The Fashion for Body Shaming may be Over! (Or at Least, it is Unfashionable for Now)


I have just read an article about Kathy Griffen, the current co-host of the programme The Fashion Police who has just announced her departure from the show after only a three-month stint. According to the article her reason was:

“Listen, I am no saint…. But I do not want to use my comedy to contribute to a culture of unattainable perfectionism and intolerance towards difference…I want to help women, gay kids, people of colour and anyone who feels underrepresented to have a voice and a LAUGH!”

Her exit follows hot on the heels of Kelly Osbourne who left in protest over a racist slur made by a co-host about Zendaya Coleman’s dreadlocked hair at the Oscars, which she described as smelling of patchouli oil or weed. I’m no fan of these bitch-celeb reality shows, but I think this is significant even for those who do not watch them.

It struck me that this is something new, people standing up for an appreciation of difference, whether it is regarding body shapes or more widely, race, sexuality or class. I have never come across so many examples such as this or the one concerning fat men dancing, or celebrity outings of pre-photo shopped images recently covered in this blog, where celebrities are willing to stick their heads above the parapet and say enough is enough. It seemed to start in January last year with Cate Blanchett who commented on how her dress was filmed from the floor upwards on the red carpet, something that wouldn’t happen to men. These celebrities are backed by a public that is slowly is surely turning the tables on a thin, white and straight obsessed media; it seems we too have had enough.

I think this sea change has been long coming, but to be honest I’m surprised it is happening at all. I have always been as attracted to images of perfected beauty whilst simultaneously tired of the narrow range of potential it involves. It’s hard to admit that one’s politics (especially for me, gender politics) don’t match up to one’s aesthetic desires. But most of all I have never thought I would see the day when the public got over their similar ambivalence to photo shopped images. Until now I couldn’t imagine anything other than a shallow, body shaming media that perpetuated women’s insecurities (I now think, “shame on me!”). Yet it seems this is actually happening now, albeit in a piecemeal manner example by example, so we might not notice the change except retrospectively.

Could it be that we might be able to imagine a media that shows a wider variety of images and that importantly, does not body shame? Could there be a time when female celebrities on the red carpet are no longer only asked about their dresses, whilst men are asked about their career choices? Could this actually pan out to a real and deep cultural change in appetites? I’m reminded that many of the media’s executive staff, especially in such female-audience shows are women, meaning that representation in the industries does not necessarily lead to change in the channels’ philosophies.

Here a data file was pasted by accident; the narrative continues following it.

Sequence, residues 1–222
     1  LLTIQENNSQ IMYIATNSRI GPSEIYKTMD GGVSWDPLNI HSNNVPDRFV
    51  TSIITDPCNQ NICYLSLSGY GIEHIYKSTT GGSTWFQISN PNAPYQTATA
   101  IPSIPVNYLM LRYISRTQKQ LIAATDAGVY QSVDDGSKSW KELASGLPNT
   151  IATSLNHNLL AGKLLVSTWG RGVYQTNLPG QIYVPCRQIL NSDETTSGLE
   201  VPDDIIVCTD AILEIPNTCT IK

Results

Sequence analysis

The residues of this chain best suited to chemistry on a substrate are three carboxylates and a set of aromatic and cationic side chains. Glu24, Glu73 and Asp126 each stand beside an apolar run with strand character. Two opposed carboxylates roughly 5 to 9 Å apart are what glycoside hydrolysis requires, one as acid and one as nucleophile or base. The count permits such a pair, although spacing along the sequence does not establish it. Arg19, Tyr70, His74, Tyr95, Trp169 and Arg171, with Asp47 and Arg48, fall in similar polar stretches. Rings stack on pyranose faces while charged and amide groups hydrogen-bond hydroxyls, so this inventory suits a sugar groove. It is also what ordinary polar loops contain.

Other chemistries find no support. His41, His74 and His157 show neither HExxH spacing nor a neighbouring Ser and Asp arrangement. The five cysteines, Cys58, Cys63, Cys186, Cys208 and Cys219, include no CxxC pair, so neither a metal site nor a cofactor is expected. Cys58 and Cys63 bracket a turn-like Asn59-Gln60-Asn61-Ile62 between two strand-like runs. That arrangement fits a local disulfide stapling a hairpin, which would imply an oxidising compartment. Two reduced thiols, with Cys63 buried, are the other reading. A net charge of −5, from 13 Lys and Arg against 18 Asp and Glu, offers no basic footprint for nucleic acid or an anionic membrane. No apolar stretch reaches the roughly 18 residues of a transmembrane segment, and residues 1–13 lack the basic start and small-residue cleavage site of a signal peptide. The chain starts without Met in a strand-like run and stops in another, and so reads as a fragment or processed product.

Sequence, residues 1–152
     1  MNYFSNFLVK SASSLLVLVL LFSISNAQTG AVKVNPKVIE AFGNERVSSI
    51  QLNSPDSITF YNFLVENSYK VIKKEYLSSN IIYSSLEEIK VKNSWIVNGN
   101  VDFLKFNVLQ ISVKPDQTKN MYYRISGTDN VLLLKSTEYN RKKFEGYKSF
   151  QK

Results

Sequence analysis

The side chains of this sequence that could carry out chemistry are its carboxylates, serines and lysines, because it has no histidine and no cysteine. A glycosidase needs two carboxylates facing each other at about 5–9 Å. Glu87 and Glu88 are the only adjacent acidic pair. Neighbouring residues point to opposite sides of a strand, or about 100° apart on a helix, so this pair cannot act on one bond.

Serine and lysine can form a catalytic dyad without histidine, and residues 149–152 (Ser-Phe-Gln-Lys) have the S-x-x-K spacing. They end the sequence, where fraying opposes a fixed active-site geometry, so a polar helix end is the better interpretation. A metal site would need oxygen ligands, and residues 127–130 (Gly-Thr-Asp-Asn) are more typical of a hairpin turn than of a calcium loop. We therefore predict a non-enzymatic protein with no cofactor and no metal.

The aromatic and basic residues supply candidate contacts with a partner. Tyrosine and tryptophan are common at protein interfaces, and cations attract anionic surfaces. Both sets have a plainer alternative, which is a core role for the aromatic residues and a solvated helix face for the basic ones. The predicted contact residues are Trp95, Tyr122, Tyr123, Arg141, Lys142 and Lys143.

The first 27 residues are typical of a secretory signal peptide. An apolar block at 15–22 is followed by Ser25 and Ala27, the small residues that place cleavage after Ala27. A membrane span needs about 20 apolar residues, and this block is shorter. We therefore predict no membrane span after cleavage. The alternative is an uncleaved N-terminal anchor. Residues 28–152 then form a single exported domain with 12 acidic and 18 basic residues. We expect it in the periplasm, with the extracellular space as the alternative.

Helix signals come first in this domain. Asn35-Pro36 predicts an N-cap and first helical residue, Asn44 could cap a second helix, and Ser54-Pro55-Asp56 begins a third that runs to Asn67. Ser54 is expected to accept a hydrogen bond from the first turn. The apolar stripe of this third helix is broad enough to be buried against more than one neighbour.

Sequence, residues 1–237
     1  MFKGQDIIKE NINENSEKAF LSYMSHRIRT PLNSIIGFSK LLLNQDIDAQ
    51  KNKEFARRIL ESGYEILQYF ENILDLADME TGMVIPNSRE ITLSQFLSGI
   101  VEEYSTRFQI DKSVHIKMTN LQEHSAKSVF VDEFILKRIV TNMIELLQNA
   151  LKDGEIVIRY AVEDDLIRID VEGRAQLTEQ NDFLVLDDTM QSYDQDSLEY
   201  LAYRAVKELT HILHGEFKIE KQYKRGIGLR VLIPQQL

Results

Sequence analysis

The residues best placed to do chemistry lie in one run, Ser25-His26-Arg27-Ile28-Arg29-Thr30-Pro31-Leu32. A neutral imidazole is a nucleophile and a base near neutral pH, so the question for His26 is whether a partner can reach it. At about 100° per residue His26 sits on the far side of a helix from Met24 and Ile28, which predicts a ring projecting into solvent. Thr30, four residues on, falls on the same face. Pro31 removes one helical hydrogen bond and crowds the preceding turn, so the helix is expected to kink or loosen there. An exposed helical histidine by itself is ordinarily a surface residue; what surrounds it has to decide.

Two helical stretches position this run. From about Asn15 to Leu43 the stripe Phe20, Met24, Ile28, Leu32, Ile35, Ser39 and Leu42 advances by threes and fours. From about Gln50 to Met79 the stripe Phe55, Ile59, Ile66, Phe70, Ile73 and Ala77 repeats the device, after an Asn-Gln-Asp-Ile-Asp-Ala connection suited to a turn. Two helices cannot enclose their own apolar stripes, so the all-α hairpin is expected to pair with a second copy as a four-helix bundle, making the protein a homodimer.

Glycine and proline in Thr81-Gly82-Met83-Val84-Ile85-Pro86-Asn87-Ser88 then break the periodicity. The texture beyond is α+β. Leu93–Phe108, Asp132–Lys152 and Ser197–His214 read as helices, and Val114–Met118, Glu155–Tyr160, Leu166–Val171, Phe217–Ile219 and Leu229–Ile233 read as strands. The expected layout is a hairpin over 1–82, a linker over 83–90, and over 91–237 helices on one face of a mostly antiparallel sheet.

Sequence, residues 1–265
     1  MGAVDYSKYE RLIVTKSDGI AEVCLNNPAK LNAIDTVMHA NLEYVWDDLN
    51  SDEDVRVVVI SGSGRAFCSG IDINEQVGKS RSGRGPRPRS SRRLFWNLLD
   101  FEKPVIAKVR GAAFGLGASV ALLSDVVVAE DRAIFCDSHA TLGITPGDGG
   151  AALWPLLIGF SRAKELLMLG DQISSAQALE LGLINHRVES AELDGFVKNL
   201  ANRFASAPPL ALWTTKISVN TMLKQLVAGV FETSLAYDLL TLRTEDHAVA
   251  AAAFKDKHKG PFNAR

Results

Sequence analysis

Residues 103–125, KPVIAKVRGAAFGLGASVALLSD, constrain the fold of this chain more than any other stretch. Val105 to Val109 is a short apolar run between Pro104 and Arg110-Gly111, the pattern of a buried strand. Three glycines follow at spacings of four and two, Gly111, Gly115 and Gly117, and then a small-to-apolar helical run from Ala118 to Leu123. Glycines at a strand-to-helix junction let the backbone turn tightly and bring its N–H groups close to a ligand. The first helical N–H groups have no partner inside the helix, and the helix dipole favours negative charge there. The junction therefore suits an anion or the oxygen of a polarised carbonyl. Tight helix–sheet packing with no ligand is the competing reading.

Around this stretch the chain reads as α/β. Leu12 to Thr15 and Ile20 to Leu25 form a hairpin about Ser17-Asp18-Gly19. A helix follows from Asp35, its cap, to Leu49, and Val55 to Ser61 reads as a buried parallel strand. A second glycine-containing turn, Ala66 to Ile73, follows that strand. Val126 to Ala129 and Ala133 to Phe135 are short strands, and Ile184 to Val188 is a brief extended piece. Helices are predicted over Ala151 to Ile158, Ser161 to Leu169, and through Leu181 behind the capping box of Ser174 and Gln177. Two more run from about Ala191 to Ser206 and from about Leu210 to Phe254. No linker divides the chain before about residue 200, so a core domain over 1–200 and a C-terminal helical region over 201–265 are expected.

One is hopeful. My only fear is that this is something of a fad that will never really cement itself. I can still remember my joy as the fashion industry rejected animal fur en masse in the early nineties, only to reinstate it as a fashion necessity a decade later. Only then did I remember that fashion people are into cyclical change that necessarily goes out of style and the anti fur campaign was just that, a fad, d’uh!

It is easy to start to take on a lasssez faire attitude towards cultural change, to think that something is unchangeable, that we will always have bitchy, uncaring and self obsessed celebrities who put their careers before their ethics, assuming they have any. Such a belief however, leaves us unambitious for greater growth because it thwarts our imagination; we literally cannot foresee a brighter future. And, if the market ain’t there the media will have the best argument not to service it.

It remains to be seen whether we are moving to a genuine shift towards greater inclusion in the aesthetic stakes, or whether like fur, the fashion for the stereotypical beauty shall return, but at least it is shifting from it’s cemented foundations if only for a while. Any expansion of acceptable models is better than none and much as we never undergo genuine revolutions that achieve what they set out to, we might get two feet forward and one step back in the right direction. After all, most of us, regardless of the fashion industry wouldn’t choose to wear fur now.

About annaarrowsmith

I am Britain's first and most acclaimed female adult film director, with lots of scenes written, directed and produced by myself and several awards under my belt. After 2 decades of production and distribution experience, I recently completed a PhD in Gender Studies that focuses on men's experiences of women's power in dating relationships. I know an awful lot about film-making and about gender. You might have seen me in the British media...
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